When it’s not easy for you – someone appealing turns down your invitation or social media photos shout you didn’t get the party invitation – you worry that you may be a loser. You take your foot off the accelerator in taking the chances required to develop relationships lest you demonstrate your deficiency.
Paradoxically, the fixed mindset belief that you’re a winner may restrict your relationships, too. It limits you to safe relationships where others see you as a star and causes you to avoid potentially closer, enriching relationships for fear of disclosing that you’re not.
The key to pursuing what you value – genuine social relationships – is maintaining a growth mindset. It's a belief that although you start out with a certain amount of an attribute, you can increase it through effort. A growth mindset says, if you feel disconnected and lonely, stretch yourself to become more connected.
Growth mindset asks what relationships do you value? A growth mindset accepts hard work is required to develop the relationships that you hope for. As you attempt the steps to expand your social relationships, difficulty is expected. Authentic relationships take time and progress may be slow.
Frustration, anxiety, and disappointment are expected as you extend yourself to acquire new relationships and strengthen existing ones. Growth Mindset says your struggle means you are striving to make important changes and so you persist, increasing the odds of new friendship.
To combat loneliness with a growth mindset and tackle the fixed mindset trap:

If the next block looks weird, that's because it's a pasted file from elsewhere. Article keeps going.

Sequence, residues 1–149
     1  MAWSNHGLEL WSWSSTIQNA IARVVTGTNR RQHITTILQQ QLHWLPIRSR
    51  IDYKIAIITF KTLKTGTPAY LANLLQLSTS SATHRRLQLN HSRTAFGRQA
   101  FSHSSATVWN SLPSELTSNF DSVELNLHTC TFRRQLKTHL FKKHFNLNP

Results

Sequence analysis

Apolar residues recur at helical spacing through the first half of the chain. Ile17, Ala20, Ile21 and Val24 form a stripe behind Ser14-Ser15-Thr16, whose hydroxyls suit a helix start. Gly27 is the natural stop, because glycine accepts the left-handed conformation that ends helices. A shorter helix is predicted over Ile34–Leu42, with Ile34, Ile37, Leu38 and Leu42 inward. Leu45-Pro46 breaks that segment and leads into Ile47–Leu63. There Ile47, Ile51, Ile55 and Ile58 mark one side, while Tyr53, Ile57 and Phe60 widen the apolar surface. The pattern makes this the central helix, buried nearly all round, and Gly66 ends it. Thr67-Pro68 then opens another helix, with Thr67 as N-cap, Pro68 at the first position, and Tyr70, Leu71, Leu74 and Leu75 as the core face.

- Develop a growth action plan with series of somewhat risky steps that bring you a bit closer to forging new relationships or deepening existing ones.
- Visualize the first step in your plan and put it in your calendar. For example, set up a specific time to attend that meeting of a volunteer group or invite an interesting neighbor or colleague to meet up for lunch so that you may get to know them better.
- When you experience a rejection, or when you are disheartened about the amount of effort your expending to build relationships – pause. Ask yourself, “Do I view my efforts to develop my relationships with a fixed mindset?”
- Begin the shift to a growth mindset by telling yourself, “Effort and difficulty are anticipated as I make changes that are important to me.”
- Expect frustration, anxiety, and disappointment as you attempt to make connections. These are the signals of a fixed mindset.
- Tolerate these fixed mindset feelings and take the next growth step to move closer to the relationships that you desire. These feelings are likely as you reach for connections that are significant to you. To feel them means you’re challenging yourself and tackling the very human condition of loneliness.
Diener, E., & Seligman, M. (2002). Very Happy People. Psychological Science, 13(1).
Dweck, C. S. (2006). Mindset: The new psychology of success. New York, NY: Random House.
Holt-Lunstad, J., Smith, T. B., Baker, M., Harris, T., & Stephenson, D. (2015). Loneliness and social isolation as risk factors for mortality: A meta-analytic review. Perspectives on Psychological Science, 10, 227-237.
Lee, C.M., Cadigan, J.M., Rhew, I.C. (2020). Increases in loneliness among young adults during the COVID-19 pandemic and association with increases in mental health problems. Journal of Adolescent Health. 67(5):714–717.
Murthy, V. H. (2020) Together: The healing power of human connection in a sometimes lonely world. New York, NY: Harper Wave